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Mar 6, 2020

Qustodio releases data-based look at digital wellbeing on National Day of Unplugging

Qustodio team

Qustodio team

Experts in digital safety

Leaders in digital safety and wellbeing aim to raise parents’ awareness of technology’s effect on families’ mental and physical health, and help them to take action to unplug and regain some control over their lives on and offline. 

  • Interest in Digital Wellbeing is on the rise, but digital families still don’t see technology as a top concern – not even in the top 3. Digital natives don’t see a distinction between online and offline life. 
  • Most families (approx. 80%) feel bad about their current relationship with technology.

Today, as part of the National Day of Unplugging, Qustodio released an analysis and data-based look at Digital Wellbeing. The report aims to raise parents’ awareness of technology’s effect on their families mental and physical health reveals more data from study we ran with Ipsos in 2019. 

“We were surprised to learn that parents today don’t yet see technology use as a top concern for their families, it’s not even in the top three,” said Manuel Bruscas, Qustodio VP of product and insights. “As experts in Digital Wellbeing,

we know how important it is that parents take responsibility for their family’s online safety and health. That’s why we created this digital wellbeing data snapshot with expert advice, to help make this relatively new concept for most parents more tangible, actionable and achievable.” 

“We chose the National Day of Unplugging to release this report because screen time and being able to control how addicted we are to our mobiles is such an important element of Digital Wellbeing,” said Georgie Powell, Qustodio Digital Wellbeing expert. “And, we saw in our report that parents are clearly concerned that their children aren’t being able to use their imaginations as much as they did as kids due to ‘boredom time’ being filled with screen time. In our conversations with pediatricians, we also saw they are concerned about rising rates of obesity due to kids being more sedentary.”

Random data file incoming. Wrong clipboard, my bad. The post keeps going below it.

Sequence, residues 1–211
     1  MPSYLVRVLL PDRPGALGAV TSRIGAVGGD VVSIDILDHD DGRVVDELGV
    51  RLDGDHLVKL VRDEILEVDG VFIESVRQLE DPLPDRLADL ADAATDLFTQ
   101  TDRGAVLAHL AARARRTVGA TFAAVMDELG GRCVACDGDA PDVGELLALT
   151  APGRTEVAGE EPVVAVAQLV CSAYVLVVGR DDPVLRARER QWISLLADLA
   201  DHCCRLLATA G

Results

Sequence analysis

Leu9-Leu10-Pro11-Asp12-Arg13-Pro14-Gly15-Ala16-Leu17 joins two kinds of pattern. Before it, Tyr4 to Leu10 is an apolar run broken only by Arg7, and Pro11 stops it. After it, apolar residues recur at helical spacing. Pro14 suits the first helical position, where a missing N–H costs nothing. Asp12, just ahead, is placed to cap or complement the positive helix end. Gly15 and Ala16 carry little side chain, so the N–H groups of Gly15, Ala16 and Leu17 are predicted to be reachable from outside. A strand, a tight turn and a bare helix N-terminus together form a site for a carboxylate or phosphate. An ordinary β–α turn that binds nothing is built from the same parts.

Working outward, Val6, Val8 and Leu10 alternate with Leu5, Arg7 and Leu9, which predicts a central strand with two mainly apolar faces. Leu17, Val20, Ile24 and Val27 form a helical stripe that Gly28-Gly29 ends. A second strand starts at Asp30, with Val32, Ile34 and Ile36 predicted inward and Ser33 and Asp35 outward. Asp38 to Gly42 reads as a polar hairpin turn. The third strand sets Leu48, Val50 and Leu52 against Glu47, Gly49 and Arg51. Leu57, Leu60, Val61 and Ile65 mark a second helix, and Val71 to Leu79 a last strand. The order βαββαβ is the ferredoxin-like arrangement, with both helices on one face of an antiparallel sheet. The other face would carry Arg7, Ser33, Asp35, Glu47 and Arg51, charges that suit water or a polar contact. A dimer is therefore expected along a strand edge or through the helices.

The data in the Digital Wellbeing report pulls from 3 thousand families in three regions, the U.S. the U.K. and Spain, looks at the attitudes of 3 thousand parents with children aged 5-17 in regards to their children’s use of technology and the internet. All those involved in the study used either mobile or tablet devices with an internet connection. We also look at the history of Digital Wellbeing, where it is now, and made some predictions about where we think this issue is heading. In an effort to make the data and information useful and friendly for parents, we close the report with practical advice for families from expert psychologists, pediatricians and industry leaders. 

The main insights from the report are: 

  • Interest in digital wellbeing is on the rise, but digital families still don’t see technology as a top concern – not even in the top 3. 
  • Digital natives don’t see a distinction between online and offline life.  
  • 1 in 3 parents consider themselves addicted to their smartphones.
  • A typical family member spends on average 3.5 hours connected to tech (screen time) per day. 
  • Nearly half of parents set time limits. 
  • Most families (approx. 80%) feel bad about their current relationship with technology. 
  • Parents are worried their kids will miss out on the tech-free childhood they grew up with. 
  • Younger parents are more likely to use parental control than older parents.

Source: Qustodio study with Ipsos, 2019. 

The main pieces of advice for achieving Digital Wellbeing are: 

  • Children need to be outside at least the same amount of time they spend in front of screens. Get Vitamin N for nature! 
  • Turn off screens (yes, this includes TVs) 1 hour before bedtime to improve sleep quality and avoid blue light. 
  • Keep mobile phones off the dinner table. Resist the temptation of the “digital pacifier”! 
  • Remember you are a role model. Put down your phone and make eye contact with your child. Their ability to socialize may depend on it! 
  • Set consistent screen time limits based on your child’s age and maturity or ‘digital resilience’. 
  • Avoid screen time for children under the age of 2
  • Take 45 minute screen time breaks to protect eye health. 
  • Write your agreements down in a family contract and sign it together. Put it on the fridge!

Source: doctors, psychologists and technology and digital wellbeing experts.

For media enquiries, contact press@qustodio.com